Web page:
The God of Found Things
The God of Found Things
I always thought there was a god of lost things, who mischieviously nibbled on socks and hid pens behind desks and threw grocery and to-do lists in the neighbors' yard. Soon the god wasn't satisfied with unimportant things and moved onto wedding rings, black and white photographs and first baby shoes. Finally, he devoured old friendships, happy memories, senses of humor, faith, ourselves, our way.
Now I think there is a god of found things, too.
Yesterday, during homeschool, we read poems from Shel Silverstein's A Light in the Attic, and a letter dropped onto the floor, as if from the sky. I hadn't noticed this letter when I flipped through the book earlier, looking for a poem about nose picking. In fact, I hadn't noticed the note in the 21 years I owned the book.
The letter was dated 12-25-85 and said:
Dear Pat & Rich, Luke, Bridget, Josh:
We enjoyed Christmas Eve Mass and supper and Christmas morning breakfast with you and the blessing from Fr. Caruso.
The good will, good works letters from Luke, Bridget and Joshua are perfect Christmas presents.
And I will enjoy the turnips, oysters and buttermilk to the last bite and drop.
While on the one hand we are glad that Christmas comes only once a year, on the other hand today proved again it is the best day of the year.
Hap and Deadwood.
It is in my Granddad's (whose nickname was Deadwood and who died a few years ago) handwriting, only more legible.
How did it get there?
Once, when we were in Boston, my mother-in-law found a videotape in her room of a Christmas past. Her brother, who died years ago, was in the video, and his girls, now in their teens, were little kids toddling around. We watched it on Christmas and wondered then, too, how the video happened to show up in her room.
That can't be coincidence.
My belief in the supernatural Lost and Found came early. When I was little, we prayed to St. Anthony, the patron saint of lost things.
Try it sometime:
St. Anthony. St. Anthony. Please come around.
Something is lost and can't be found.
One day, walking home from school, I lost a pinkie ring with two light blue rhinestones on it. It was a dimestore ring, tarnished and bent out of shape, but my brother had found it on the sidewalk a few months earlier and gave it to me. Like all siblings, we fought a lot, and the ring was like a truce.
So I was walking and crying dramatically and this girl in my brother's class, Amy, came over and put her arm around me. She asked what was wrong and I told her. Was it expensive? she asked. No, I sobbed. Well, that was it. She knew that if I was crying over a cheap ring, it had to be found on the double. I think we said a prayer to St. Anthony together, although that could be my poetic memory acting up. Amy showed me how to retrace my steps, and after walking half a block, we saw it sparkling on the middle of the sidewalk--at a place I thought I looked earlier.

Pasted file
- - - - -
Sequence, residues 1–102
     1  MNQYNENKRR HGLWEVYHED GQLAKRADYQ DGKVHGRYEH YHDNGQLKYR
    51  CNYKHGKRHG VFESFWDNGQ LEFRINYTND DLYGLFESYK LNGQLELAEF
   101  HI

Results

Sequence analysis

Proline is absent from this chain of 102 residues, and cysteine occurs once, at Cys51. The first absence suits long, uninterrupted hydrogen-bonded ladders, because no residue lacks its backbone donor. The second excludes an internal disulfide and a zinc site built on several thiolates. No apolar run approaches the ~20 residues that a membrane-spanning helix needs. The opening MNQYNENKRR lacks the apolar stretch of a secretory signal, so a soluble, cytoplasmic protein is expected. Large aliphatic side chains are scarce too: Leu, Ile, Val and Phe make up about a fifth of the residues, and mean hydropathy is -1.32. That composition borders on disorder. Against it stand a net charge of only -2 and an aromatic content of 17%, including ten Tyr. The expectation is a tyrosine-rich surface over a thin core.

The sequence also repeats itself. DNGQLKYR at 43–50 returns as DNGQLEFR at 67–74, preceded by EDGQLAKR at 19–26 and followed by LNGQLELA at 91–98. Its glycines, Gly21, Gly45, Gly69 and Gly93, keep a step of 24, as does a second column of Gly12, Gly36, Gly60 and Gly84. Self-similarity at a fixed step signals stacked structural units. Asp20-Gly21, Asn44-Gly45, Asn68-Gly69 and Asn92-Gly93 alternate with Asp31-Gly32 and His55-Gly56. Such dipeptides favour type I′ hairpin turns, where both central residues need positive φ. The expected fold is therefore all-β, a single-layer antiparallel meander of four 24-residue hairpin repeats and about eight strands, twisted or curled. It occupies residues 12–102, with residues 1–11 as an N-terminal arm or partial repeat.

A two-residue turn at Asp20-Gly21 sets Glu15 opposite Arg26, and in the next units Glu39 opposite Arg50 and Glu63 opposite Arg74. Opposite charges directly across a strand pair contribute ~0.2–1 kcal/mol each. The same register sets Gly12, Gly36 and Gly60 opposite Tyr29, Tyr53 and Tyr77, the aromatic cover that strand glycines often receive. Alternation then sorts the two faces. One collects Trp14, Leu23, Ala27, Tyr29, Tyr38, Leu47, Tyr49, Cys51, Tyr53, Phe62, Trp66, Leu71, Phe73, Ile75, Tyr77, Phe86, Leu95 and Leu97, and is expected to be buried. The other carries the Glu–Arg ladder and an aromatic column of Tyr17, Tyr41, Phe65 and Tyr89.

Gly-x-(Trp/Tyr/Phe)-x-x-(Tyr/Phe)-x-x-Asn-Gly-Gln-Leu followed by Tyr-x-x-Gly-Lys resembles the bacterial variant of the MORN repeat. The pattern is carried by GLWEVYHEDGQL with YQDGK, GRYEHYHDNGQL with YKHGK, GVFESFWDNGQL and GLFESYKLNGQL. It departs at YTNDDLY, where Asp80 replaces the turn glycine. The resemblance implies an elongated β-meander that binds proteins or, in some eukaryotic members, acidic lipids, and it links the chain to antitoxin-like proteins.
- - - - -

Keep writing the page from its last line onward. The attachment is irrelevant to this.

I remember thinking then that what Amy did was the nicest thing anyone had ever done for me. And with umpteen aunts, uncles, cousins and grandparents, people were always doing nice things for me.
That ring was always getting lost. I resorted to keeping it tucked away in a clown music box, and it still would go missing. To this day, that ring comes and goes as it pleases. One day it's in my jewelry box, the next day it's gone. Come to think of it, maybe I share it with the original owner, the one who dropped it on the sidewalk the day Luke picked it up. And the God of found things shuffles it back and forth between us.
Maybe the god of lost things and the god of found things is one guy. He's like Robinhood, robbing from the neglectful and carefree, and giving to the yearning and heartbroken. He lifts a five dollar bill off a dresser of someone on a good luck streak and drops it in the pocket of a guy who can't even afford a 99 cent Quik Trip chimichunga. Steals a wedding ring from a woman whose husband sleeps beside her and gives it to a woman who had the same kind of ring but lost it, and lost her husband, too.
And sometimes, this god robs things from us only to give them back later. Granddad's letter might have meant little while he was alive. It was, afterall, just a thank you note. But now that he is gone, it falls like manna from heaven. The boys listened quietly as I read it. And now I'll tuck it away in the drawer that holds the first stories the boys wrote and the caps they wore on the nights they were born.
The letter says Christmas is the best day of the year because it only comes once a year.
Likewise, found things are so precious only because we lost them in the first place. And the god of lost and found things knows that. As we lose friends and beliefs and little parts of ourselves, he looks under couch cushions and behind desks on our behalf and wants to scream, "You need to keep better track of things!" But he doesn't because he knows what it's like to lose something. He loses and finds his people on a daily basis.